University of Canberra scientists failed to comply with genetic engineering safety protocols while researching a mosquito-borne virus linked to brain damage.
It is one of dozens of compliance incidents involving genetically modified viruses, bacteria and crops that have occurred across Australia since 2011.
Fairfax Mediacan reveal 32 separate incidents of non-compliance committed by universities, government laboratories and large agricultural companies, including:
The risks associated with all 32 incidents reported have been assessed as “negligible” by the federal Office of the Gene Technology Regulator.
Many were minor incidents caused by administrative oversights.
The incidents have been described in reports published by the regulator as well as documents obtained by Fairfax Media under Freedom of Information laws.
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In 2015 the University of Canberra contravened GMO licence conditions during an experiment with the Murray Valley encephalitis virus, a mosquito-borne virus that can cause brain damage.
Scientists were attempting to create a new vaccine by engineering the virus with two genes from the virus that causes Dengue fever.
“At the time of the inspection the University of Canberra notified inspectors that dealings with GMOs had been undertaken in a facility that had not been authorised by the licence,” a government inspection report read.
“The University of Canberra did not obtain signed statements from all persons, prior to their commencing dealings, indicating that they understood and agreed to be bound by licence conditions.”
A spokeswoman for the university said the breach had been an “administrative oversight” that had been quickly corrected.
“Due to storage space issues in the licensed lab, some GMO material was stored in another certified lab which was appropriate for the material but not under the licence.
“The GMO material was only stored in this certified lab and no research on it was conducted in that location.”
Last year agricultural giant Bayer Crop Science was moving planting equipment from a trial site in country NSW when a small batch of GM cotton seeds were spilled.
A report of the incident showed the seeds could have been spilled over a 29 kilometre patch of road in Moree, including the busy Newell Highway.
The seeds had been modified with genes linked to insect or herbicide resistance, although the regulator concluded it was “unlikely” any plants would have grown.
A spokesman for Bayer said the government had been alerted to the incident straight away and all possible risks had been addressed.
“Bayer worked proactively with the OGTR to ensure the risks, however negligible, were addressed and remedied, including monitoring for any [plants] that might come up subsequently.”
The Nuseed agri-tech company was involved in an incident in 2016, in which sheep were mistakenly allowed to graze in a paddock containing GM canola in Colac Otway, Victoria.
“Nuseed self-reported the unintentional grazing of sheep on this site,” an inspection report found.
“A small number of sheep were able to access the planting area due to an unplanned drop in water levels in a dam which had previously acted as a natural barrier.”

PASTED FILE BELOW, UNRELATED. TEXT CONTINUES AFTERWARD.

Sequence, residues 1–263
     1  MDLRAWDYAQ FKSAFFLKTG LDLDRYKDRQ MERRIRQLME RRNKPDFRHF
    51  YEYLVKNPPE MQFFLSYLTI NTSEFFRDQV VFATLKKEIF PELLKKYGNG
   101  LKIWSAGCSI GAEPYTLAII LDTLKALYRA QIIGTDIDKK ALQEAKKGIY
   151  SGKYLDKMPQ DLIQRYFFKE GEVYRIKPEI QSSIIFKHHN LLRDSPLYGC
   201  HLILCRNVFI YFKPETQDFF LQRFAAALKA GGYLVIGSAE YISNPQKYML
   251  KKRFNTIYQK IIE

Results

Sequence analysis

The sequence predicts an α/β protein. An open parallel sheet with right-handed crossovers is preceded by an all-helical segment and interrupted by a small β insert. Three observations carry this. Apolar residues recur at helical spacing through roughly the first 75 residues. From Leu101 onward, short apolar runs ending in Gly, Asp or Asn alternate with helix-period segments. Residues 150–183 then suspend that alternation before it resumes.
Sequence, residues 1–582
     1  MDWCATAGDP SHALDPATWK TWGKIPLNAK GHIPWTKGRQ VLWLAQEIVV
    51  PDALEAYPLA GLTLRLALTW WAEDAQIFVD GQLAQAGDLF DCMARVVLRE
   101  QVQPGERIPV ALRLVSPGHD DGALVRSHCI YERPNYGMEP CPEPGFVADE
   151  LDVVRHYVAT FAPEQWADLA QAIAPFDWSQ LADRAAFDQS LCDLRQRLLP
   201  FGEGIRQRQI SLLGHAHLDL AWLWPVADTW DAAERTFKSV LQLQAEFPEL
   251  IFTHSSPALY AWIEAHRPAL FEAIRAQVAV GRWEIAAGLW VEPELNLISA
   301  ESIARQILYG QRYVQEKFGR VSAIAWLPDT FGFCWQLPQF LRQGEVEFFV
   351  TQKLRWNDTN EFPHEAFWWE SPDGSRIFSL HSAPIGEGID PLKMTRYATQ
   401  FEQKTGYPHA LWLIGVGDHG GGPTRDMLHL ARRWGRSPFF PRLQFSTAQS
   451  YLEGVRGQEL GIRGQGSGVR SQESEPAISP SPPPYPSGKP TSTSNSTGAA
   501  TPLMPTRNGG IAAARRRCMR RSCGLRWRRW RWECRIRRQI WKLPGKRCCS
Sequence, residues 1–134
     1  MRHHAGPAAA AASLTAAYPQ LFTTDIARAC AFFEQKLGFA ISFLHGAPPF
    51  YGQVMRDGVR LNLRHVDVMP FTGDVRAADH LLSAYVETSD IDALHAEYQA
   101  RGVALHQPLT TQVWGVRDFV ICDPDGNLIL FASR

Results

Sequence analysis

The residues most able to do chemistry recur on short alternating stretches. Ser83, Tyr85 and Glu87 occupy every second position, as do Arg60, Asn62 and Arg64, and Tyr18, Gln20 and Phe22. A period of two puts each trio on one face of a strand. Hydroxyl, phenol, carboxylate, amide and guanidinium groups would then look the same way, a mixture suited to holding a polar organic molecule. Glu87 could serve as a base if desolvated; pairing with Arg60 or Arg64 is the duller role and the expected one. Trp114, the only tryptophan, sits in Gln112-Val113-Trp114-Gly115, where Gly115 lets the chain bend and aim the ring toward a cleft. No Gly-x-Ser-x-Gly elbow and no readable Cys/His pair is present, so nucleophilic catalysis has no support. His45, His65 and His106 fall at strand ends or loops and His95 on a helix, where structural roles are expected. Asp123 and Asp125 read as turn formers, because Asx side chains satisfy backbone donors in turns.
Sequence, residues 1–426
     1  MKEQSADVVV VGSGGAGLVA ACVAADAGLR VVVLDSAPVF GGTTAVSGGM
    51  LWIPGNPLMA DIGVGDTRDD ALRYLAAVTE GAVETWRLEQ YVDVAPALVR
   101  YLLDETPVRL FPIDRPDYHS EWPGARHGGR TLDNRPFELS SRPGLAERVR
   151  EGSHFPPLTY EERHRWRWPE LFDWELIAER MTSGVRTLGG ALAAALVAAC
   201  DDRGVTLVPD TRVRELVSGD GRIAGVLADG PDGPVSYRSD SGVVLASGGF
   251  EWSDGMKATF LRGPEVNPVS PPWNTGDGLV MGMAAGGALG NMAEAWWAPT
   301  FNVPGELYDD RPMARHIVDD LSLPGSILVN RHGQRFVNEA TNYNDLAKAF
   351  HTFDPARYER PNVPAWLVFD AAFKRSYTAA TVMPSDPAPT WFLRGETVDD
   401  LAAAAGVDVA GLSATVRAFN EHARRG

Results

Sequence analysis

Regulators concluded the incident posed a “negligible” risk to the environment.
Nuseed declined to comment when approached by Fairfax.
In 2016 there was a non-compliance incident at the University of South Australia in which material was taken out of a facility without labelling to indicate it contained GM material.
“Persons conducting dealings with the GMO who are not fully trained in licence conditions are at risk if exposed to the GM organism,” a government report concluded.
“There is no evidence, however, to suggest this issue has resulted in any harm to human health and safety at this stage.”
Simon Terry is a former investment banker now running New Zealand’s Sustainability Council advocacy group.
Mr Terry said the risks of genetically modified material entering the environment were more likely to be economic, rather than linked to health or safety.
“Food markets in wealthier countries are very sensitive to GMO content,” he said.
“Markets for premium foods simply reject products that contain any detectable level of GMO contamination and whole countries, such as France, operate this way.
“Food producers are especially at risk from GMO varieties that have not been legally approved in the country the exports are going to.
“It is common for countries to test for GMOs at the border and if a GMO that has not been approved is discovered, the entire shipment is rejected.”
Australia is currently undertaking a “technical review” of its federal gene technology regulations, with a view to ensuring they reflect technological and scientific advancements.
A spokeswoman for the Office of the Gene Technology Regulator said none of the 32 incidents of non-compliance reported since 2011 represented a failure of the current regime.
“Australia’s regulatory system is considered world leading with a science and risk based approach that is timely and predictable, providing a clear regulatory pathway for the industry to follow,” she said.
“The OGTR continues to work closely with our major trading partners to ensure its regulatory practices remain current and relevant and reflects international practice in relation to the regulation of GMOs.”
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